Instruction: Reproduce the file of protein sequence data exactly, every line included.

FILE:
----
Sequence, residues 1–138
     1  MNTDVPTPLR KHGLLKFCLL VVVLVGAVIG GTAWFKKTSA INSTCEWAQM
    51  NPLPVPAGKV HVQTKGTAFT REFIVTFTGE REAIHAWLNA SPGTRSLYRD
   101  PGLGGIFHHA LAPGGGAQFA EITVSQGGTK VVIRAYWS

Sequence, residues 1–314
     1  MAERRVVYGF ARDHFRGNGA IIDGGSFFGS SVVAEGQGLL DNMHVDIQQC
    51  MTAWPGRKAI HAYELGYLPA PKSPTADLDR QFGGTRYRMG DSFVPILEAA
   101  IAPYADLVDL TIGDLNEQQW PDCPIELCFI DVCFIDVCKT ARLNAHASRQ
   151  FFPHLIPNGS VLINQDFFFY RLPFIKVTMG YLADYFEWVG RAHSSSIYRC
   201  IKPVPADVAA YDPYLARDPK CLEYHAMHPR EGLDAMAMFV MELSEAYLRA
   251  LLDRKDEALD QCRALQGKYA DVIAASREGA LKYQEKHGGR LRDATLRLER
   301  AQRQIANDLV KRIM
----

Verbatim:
Sequence, residues 1–138
     1  MNTDVPTPLR KHGLLKFCLL VVVLVGAVIG GTAWFKKTSA INSTCEWAQM
    51  NPLPVPAGKV HVQTKGTAFT REFIVTFTGE REAIHAWLNA SPGTRSLYRD
   101  PGLGGIFHHA LAPGGGAQFA EITVSQGGTK VVIRAYWS

Sequence, residues 1–314
     1  MAERRVVYGF ARDHFRGNGA IIDGGSFFGS SVVAEGQGLL DNMHVDIQQC
    51  MTAWPGRKAI HAYELGYLPA PKSPTADLDR QFGGTRYRMG DSFVPILEAA
   101  IAPYADLVDL TIGDLNEQQW PDCPIELCFI DVCFIDVCKT ARLNAHASRQ
   151  FFPHLIPNGS VLINQDFFFY RLPFIKVTMG YLADYFEWVG RAHSSSIYRC
   201  IKPVPADVAA YDPYLARDPK CLEYHAMHPR EGLDAMAMFV MELSEAYLRA
   251  LLDRKDEALD QCRALQGKYA DVIAASREGA LKYQEKHGGR LRDATLRLER
   301  AQRQIANDLV KRIM